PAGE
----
Be careful using the Automatic Plugins upgrades in WordPress 2.5

Well the long awaited sequel to the 2.3 branch of WordPress is almost out the door. Release Candidate 1 of WordPress 2.5 is now available for those brave souls who want to do some testing before the final release. WordPress 2.5 has been covered pretty well on the blogosphere so I’m not going to go into all the details here but I did want to write a post about one new feature that could cause some problems with users upgrading.

WordPress 2.5 comes with the ability for blog owners to upgrade their plugins automatically via the Plugins Page. “Automatic Upgrade” means that instead of having to download the plugin and then ftp it to your server, you can simply click the “upgrade automatically” link and WordPress will take care of everything for you. (click the picture below to see what it looks like)

Example of Upgrade Automatically Link

It’s a great idea and definitely one that will work okay with most basic plugins but here’s the problem(s):

  • The automatic upgrade does not deactivate your plugin first and then reactivate it after upgrading. If the plugin requires activation to run any checks for WordPress version, or do any db fixes, or “activate” any new features then it won’t do this and the plugin won’t work as expected. In most cases this can be simply remedied by remembering to deactivate and then reactivate the plugin after the upgrade is complete.
  • There’s no way for plugin authors to give you special upgrade instructions ahead of your upgrade. Sometimes these instructions might be important for keeping existing data or getting things to work properly. I know of at least one plugin that uses a file to store data rather than the database (bad design imho but still – a reality).
  • If the plugin is in the plugins root directory instead of it’s own directory then the automatic upgrade will change it’s location. For example say you have a plugin named myfunplugin.php and it’s located at ../wp-content/plugins/myfunplugin.php – after automatic upgrade does it stuff the plugin will now be located at ../wp-content/plugins/myfunplugin/myfunplugin.php. This could be a breaker for any plugin that has functions referencing the original location of the plugin.
  • There are other scenarios I haven’t tested yet like, what happens when a plugin changes directory structure from one version to the next?

This is a potentially a serious problem for both plugin authors and users of WordPress 2.5 and I’m posting this because I think people should be aware of it. I have posted a ticket in the WordPress Trac and I’m confident the devs are looking into it but in the meantime I recommend that blog owners use the automatic upgrade feature only if they are confident in fixing things if something goes wrong AND have checked the plugin author’s page first to see if there are any upgrade instructions.

Other than that, I’m really excited about the impending WordPress 2.5 release!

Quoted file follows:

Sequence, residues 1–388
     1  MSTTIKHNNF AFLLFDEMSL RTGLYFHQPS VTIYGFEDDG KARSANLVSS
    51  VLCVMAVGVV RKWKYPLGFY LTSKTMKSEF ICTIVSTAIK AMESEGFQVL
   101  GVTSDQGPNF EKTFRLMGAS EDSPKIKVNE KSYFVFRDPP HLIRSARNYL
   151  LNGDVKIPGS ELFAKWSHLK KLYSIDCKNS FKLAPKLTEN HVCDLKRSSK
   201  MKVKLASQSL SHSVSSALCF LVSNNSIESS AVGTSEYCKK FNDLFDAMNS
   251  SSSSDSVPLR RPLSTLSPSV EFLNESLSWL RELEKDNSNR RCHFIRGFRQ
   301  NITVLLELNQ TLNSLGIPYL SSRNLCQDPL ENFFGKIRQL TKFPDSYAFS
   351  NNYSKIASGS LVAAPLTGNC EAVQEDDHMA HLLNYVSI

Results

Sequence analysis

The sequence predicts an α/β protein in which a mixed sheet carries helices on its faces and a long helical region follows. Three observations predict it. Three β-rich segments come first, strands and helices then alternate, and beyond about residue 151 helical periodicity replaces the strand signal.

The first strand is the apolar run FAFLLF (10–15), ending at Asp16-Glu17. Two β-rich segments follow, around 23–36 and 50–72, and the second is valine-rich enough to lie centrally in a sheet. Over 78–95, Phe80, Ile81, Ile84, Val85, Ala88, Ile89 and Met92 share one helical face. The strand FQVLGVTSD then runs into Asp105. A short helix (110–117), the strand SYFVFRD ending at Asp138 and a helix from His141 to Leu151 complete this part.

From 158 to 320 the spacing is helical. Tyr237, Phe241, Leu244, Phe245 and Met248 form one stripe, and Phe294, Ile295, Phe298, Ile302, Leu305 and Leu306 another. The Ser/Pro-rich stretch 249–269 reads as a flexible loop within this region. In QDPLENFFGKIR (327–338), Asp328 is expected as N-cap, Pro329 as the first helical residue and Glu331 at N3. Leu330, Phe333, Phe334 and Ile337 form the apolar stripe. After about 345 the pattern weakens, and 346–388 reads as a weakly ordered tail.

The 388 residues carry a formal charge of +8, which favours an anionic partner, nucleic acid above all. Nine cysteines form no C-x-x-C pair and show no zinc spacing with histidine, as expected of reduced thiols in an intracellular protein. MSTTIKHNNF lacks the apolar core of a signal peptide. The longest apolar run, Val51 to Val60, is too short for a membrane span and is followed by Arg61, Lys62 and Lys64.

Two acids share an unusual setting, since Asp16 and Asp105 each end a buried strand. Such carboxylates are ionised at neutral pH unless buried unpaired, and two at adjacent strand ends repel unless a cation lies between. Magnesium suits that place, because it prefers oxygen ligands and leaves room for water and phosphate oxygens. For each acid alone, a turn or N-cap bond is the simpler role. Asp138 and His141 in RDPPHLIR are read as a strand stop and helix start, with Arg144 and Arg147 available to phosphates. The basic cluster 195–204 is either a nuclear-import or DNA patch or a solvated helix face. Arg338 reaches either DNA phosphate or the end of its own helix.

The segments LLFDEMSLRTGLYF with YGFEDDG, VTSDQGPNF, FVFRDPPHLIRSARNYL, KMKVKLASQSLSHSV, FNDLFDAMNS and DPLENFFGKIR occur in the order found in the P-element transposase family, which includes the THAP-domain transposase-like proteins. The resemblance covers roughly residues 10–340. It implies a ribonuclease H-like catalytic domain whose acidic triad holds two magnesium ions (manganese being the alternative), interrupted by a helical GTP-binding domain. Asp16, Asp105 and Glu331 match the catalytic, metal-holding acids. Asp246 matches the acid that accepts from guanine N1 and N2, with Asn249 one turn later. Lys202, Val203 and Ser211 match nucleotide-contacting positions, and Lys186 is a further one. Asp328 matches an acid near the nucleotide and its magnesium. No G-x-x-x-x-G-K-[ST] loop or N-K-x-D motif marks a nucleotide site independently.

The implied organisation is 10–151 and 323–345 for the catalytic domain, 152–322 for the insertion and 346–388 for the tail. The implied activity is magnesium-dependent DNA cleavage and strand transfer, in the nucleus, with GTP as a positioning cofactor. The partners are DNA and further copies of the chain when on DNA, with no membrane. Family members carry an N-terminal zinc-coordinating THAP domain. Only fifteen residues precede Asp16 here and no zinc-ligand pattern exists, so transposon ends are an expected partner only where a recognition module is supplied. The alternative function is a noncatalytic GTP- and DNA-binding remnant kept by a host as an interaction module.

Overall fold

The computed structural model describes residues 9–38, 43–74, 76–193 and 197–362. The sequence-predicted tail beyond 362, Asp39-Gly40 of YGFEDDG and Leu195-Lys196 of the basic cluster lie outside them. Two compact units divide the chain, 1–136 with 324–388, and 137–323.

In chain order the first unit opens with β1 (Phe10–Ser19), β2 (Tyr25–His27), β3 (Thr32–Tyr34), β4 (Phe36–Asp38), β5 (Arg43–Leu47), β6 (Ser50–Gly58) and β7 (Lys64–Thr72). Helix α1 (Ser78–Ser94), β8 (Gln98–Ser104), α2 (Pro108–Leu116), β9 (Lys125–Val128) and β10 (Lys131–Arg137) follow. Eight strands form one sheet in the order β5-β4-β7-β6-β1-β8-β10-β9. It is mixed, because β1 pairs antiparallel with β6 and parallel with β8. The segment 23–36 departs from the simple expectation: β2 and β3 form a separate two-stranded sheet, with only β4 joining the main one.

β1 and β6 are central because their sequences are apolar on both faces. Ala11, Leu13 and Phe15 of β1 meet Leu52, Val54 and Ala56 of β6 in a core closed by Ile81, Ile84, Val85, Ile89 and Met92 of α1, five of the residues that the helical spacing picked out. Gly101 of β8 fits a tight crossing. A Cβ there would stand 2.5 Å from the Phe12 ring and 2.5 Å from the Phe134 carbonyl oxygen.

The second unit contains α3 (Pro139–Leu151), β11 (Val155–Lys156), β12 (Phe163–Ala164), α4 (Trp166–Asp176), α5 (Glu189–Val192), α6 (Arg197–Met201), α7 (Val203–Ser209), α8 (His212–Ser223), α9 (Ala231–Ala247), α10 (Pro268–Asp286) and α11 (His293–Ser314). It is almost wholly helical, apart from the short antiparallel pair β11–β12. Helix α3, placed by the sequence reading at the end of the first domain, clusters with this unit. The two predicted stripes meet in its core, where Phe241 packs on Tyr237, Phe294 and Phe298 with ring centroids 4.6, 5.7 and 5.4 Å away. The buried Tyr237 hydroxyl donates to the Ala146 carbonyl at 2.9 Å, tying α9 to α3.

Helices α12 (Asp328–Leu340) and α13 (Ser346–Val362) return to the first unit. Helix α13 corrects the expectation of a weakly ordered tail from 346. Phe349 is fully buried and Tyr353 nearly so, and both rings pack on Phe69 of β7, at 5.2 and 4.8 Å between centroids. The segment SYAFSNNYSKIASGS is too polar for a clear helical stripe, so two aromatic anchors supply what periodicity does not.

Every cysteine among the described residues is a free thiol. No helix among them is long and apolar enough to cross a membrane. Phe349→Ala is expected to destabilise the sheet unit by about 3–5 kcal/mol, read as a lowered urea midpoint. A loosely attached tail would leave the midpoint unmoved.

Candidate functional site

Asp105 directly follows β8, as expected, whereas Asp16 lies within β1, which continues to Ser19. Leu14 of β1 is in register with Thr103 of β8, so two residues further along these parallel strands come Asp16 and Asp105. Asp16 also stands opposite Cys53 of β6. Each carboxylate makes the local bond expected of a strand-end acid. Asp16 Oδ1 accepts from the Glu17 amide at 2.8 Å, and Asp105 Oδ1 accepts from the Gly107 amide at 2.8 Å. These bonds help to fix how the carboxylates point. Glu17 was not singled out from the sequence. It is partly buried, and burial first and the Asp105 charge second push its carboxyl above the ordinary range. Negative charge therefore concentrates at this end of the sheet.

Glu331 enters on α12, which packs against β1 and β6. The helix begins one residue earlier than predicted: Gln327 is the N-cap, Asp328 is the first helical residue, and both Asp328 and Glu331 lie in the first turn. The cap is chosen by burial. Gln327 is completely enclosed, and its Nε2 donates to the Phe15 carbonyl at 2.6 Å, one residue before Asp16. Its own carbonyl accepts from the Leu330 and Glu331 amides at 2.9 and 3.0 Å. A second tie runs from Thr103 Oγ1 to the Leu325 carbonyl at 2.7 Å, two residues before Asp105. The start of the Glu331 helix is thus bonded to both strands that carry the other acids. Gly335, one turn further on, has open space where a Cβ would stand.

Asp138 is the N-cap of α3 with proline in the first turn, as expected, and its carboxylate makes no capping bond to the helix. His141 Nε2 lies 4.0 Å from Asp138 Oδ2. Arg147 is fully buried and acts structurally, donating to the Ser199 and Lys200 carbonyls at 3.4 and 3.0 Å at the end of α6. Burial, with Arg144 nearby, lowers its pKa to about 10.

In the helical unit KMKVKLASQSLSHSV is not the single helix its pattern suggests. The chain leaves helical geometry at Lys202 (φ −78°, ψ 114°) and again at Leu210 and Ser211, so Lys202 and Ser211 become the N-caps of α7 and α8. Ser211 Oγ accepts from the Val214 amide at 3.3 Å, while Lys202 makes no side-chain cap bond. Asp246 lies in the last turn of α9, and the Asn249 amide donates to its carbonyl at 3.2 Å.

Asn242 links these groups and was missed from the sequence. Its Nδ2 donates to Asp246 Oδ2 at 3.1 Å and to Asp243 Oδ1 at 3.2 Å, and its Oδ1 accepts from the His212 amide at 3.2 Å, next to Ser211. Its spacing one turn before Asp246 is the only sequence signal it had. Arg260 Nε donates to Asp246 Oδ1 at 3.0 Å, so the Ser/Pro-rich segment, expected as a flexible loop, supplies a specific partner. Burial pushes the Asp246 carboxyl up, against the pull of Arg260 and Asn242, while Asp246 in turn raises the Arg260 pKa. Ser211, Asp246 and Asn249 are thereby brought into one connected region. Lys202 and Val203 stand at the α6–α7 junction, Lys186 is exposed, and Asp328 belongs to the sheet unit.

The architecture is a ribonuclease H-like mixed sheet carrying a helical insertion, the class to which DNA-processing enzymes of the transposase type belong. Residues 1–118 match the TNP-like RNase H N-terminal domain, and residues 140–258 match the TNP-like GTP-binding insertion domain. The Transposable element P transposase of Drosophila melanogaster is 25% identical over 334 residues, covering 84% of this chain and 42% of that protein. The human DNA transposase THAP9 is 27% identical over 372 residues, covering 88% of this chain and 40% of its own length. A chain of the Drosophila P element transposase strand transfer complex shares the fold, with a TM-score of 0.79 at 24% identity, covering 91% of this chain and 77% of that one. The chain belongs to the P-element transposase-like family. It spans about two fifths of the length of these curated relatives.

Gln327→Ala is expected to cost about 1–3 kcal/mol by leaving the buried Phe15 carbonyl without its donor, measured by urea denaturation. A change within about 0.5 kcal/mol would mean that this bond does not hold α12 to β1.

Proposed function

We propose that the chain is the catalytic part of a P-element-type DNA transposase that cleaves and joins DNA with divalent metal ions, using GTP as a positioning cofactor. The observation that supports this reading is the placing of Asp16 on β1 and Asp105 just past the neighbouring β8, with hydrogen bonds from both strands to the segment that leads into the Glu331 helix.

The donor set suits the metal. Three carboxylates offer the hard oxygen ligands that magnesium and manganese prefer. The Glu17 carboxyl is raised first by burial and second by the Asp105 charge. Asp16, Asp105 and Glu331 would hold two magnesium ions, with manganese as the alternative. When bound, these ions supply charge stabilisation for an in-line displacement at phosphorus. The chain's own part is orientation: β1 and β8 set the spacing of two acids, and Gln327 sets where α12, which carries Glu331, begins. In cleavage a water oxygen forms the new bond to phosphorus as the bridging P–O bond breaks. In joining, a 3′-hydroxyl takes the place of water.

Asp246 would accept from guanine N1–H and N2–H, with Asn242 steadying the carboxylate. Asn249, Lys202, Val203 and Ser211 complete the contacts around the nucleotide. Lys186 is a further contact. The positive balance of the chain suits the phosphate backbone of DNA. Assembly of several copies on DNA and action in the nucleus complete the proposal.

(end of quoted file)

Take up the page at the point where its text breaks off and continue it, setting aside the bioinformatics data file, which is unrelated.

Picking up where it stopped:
UPDATE: DD32, who is one of the contributors to the automatic upgrade feature going into WordPress 2.5 has been working on the ticket I’ve filed and a patch he created has been applied to the trunk files.  Changes brought with the patch include plugin deactivation before uploading the plugin upgrade and then attempting a reactivation after the upload.  This goes along way to addressing the issues I’ve raised in this post.  Great work DD32!

22 thoughts on “Be careful using the Automatic Plugins upgrades in WordPress 2.5

  1. Darren, awesome article! I wish more people took the time and did such thoughtful articles getting detailed and dirty, instead of (mindlessly) echoing what others have written — although I do appreciate people’s excitement.

    And thank you for being pro-active and reporting the bug at http://trac.wordpress.org/

    Well met, you have an awesome site here!

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  4. The automatic upgrade does not deactivate your plugin first and then reactivate it after upgrading. If the plugin requires activation to run any checks for WordPress version, or do any db fixes, or “activate” any new features then it won’t do this and the plugin won’t work as expected. In most cases this can be simply remedied by remembering to deactivate and then reactivate the plugin after the upgrade is complete.

    This equally applies to anyone who manually upgrades a plugin without deactivating first. Plugin authors should not be tying upgrade routines to activation hooks. Plugins should hot-swap upgrade without problems. Same for special upgrade instructions… authors should handle that within the plugin.

    Moving locations is something I’ll look into. I’m thinking it might be better to keep each plugin in its own directory. Thanks for the article!

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  6. Thanks for sharing your experience Darren ;)

    I see another issue and is that you miss the direct contact with the plugin’s developer and the opportunity to thank him/her his work and, by the way, he loose a lot of visits to his blog.

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